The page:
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A slew of recent legislation and scientific studies are paving the way to make MDMA treatment for PTSD a reality. Post-Traumatic Stress Disorder (PTSD) is a mental health condition that can develop after experiencing or witnessing a traumatic event. People experience flashbacks, avoidance behaviors, negative changes in mood, and hyperarousal. Traditional PTSD treatment normally centers around some forms of CBT with antidepressants and anti-anxiety medications to help manage symptoms. However, MDMA can play a special role when it’s combined with therapy.
How does MDMA help PTSD?
MDMA (3,4-methylenedioxymethamphetamine), also called “ecstasy is a synthetic drug that alters brain chemistry by increasing the levels of serotonin, dopamine, and norepinephrine in the brain. The most important one there is serotonin, which plays a big role in how fear is processed and remembered. Key to therapy, MDMA increases feelings of connection with others and helps people feel and express empathy. It also increases feelings of happiness, relaxation, and sociability. Unfortunately, MDMA also has a history as a drug of addiction and is often associated with raves and clubs. At high doses, MDMA is a powerful stimulant and hallucinogen. It dangerously raises blood pressure and can cause severe dizziness and seizures.
MDMA-assisted therapy for PTSD takes place over several weeks of sessions, each typically lasting several hours. People take controlled dose of MDMA, wait for the drug to take effect, and then participate in therapy. During these sessions, patients explore their traumatic experiences in a safe and supportive environment. The effects of MDMA helps them feel more able to confront difficult emotions and memories.
One of the key advantages of MDMA-assisted therapy over traditional treatments for PTSD is the speed at which it can produce results. While traditional therapy for PTSD can take months or even years to see significant improvements, the effects of MDMA-assisted therapy can be felt after just a few sessions. This is particularly important for patients who are struggling with severe and debilitating symptoms and who may not have the luxury of waiting months or years for relief.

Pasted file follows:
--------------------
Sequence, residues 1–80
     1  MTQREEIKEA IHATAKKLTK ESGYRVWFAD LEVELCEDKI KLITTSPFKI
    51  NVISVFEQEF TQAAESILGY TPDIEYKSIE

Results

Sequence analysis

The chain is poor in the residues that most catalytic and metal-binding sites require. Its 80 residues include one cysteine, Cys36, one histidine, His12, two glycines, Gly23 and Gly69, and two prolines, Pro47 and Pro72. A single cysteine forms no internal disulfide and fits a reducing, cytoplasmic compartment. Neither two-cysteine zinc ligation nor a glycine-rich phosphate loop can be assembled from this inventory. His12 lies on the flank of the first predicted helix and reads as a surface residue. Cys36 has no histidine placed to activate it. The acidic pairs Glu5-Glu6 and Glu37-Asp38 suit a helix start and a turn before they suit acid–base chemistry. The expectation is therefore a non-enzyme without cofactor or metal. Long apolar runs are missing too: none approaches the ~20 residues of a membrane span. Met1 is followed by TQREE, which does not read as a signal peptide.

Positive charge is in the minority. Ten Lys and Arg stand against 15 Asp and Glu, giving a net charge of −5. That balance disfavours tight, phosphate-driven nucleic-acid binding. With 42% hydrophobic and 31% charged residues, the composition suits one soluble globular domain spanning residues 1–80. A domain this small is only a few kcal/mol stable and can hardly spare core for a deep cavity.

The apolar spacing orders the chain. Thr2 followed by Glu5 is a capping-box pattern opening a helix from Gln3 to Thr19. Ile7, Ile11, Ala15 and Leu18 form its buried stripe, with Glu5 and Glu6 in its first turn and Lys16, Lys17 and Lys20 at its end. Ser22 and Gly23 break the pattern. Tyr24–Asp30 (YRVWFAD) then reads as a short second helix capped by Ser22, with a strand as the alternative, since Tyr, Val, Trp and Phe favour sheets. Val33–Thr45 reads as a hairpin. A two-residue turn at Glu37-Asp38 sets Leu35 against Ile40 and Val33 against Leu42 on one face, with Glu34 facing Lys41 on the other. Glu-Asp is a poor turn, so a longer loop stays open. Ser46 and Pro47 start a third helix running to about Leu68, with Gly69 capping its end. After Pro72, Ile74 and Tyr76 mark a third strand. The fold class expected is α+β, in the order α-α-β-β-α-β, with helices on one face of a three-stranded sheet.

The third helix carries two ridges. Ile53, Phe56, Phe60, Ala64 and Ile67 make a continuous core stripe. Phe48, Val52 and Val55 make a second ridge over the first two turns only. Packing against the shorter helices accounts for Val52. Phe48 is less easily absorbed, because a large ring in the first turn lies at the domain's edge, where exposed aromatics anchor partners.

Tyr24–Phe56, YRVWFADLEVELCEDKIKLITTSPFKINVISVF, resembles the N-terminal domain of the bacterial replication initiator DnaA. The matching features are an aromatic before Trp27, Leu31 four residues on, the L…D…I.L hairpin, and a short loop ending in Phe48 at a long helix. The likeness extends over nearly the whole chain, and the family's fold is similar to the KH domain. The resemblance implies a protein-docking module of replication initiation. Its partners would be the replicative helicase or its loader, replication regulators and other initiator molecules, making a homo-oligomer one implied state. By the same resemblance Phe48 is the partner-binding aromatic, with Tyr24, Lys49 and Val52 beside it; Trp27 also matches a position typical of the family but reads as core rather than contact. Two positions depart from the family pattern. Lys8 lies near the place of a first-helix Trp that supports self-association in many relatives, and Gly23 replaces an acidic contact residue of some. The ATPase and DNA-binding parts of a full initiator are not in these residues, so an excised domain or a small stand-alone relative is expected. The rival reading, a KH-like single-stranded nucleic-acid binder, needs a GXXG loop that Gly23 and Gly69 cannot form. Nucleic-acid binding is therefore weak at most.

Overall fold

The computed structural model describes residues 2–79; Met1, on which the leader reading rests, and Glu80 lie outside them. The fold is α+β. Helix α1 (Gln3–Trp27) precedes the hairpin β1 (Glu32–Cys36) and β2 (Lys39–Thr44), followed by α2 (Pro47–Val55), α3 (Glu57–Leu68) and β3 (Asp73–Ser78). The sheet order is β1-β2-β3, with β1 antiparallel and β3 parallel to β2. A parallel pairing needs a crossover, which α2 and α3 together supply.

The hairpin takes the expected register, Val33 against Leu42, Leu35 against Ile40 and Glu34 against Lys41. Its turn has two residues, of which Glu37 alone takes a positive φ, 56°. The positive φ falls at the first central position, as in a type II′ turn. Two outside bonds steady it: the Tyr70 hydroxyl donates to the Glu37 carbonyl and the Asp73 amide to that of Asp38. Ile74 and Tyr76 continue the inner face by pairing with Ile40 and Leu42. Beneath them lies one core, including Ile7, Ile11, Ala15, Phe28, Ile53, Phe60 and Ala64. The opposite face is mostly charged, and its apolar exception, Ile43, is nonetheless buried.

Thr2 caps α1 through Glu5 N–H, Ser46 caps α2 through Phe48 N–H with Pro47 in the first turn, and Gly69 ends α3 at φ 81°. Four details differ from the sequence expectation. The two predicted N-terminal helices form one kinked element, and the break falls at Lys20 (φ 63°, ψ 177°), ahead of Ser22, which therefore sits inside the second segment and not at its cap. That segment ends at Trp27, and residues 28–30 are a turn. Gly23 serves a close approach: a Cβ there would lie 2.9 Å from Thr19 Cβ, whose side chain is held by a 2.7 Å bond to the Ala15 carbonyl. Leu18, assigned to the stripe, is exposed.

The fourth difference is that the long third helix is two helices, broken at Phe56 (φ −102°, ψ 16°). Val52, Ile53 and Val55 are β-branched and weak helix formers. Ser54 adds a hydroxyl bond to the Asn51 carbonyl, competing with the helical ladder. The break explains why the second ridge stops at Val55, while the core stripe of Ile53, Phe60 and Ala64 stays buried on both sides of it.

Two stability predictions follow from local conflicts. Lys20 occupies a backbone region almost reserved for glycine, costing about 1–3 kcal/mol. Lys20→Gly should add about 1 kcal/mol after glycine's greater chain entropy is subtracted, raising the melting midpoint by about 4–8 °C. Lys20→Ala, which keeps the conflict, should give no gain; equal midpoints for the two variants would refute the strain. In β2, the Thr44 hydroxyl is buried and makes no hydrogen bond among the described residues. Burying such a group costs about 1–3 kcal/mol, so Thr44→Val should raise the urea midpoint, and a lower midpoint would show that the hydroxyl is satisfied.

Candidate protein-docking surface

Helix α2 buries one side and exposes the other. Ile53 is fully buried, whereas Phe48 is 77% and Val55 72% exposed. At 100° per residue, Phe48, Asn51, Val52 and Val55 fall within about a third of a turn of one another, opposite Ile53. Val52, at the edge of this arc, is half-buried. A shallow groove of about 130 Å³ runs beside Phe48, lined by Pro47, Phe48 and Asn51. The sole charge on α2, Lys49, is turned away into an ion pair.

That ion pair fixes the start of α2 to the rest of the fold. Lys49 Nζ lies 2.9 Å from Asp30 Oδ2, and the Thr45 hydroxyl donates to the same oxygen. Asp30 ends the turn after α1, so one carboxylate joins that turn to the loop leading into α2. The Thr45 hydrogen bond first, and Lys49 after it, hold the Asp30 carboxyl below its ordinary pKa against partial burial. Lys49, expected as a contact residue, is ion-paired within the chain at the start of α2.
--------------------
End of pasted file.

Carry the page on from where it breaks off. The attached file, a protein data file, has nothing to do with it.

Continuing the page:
Studies over the past few years have shown promising results for MDMA-assisted therapy in treating PTSD. One of the most powerful trials compared therapy with MDMA vs therapy without it. At the end of treatment, over half of the people who received MDMA no longer met criteria for PTSD. Many months later, not only had those effects held strong, many participants reporting continued improvements in symptoms after the end of the treatment. At one year after treatment, 2 out of 3 people who got MDMA were relieved of most PTSD symptoms. Fewer than 1 in 4 people who didn’t receive MDMA saw the same benefits.
Another study from 2020 compared PTSD treatment using therapy with MDMA to therapy and a placebo. As in the earlier study, roughly two-thirds of people who received MDMA had a major drop in PTSD symptoms at the end of the study. It even worked better than therapy combined with Sertraline (Zoloft) and paroxetine (Paxil), the two top-choice SSRIs for treating PTSD. The study also found that participants who received MDMA-assisted therapy had significant improvements in depression compared to those who received placebo. Most importantly, this was a “stage 3” trial, which represents the last step in research before FDA approval.
If MDMA-assisted therapy works better and faster than existing treatments for PTSD, why isn’t it available to everyone yet? Like any drug, MDMA can have negative side effects, including increased heart rate, blood pressure, and body temperature. It can also cause nausea, sweating, and tremors. While these side effects are generally mild and temporary, they can be more serious in patients with underlying medical conditions. Additionally, MDMA-assisted therapy is not suitable for everyone. People with a history of substance use disorders may not be good candidates for treatment. People who were recently or currently on SSRIs may see less immediate benefit as well.
Despite these risks, the potential benefits of MDMA-assisted therapy for PTSD are significant. For patients who have struggled for years with debilitating symptoms and not found relief through traditional treatments, MDMA can offer a new and effective option. MDMA therapy is not available as a magic bullet yet, but it may be by 2024. MDMA has shown promising results in treating PTSD, offering a faster and more effective alternative to traditional methods.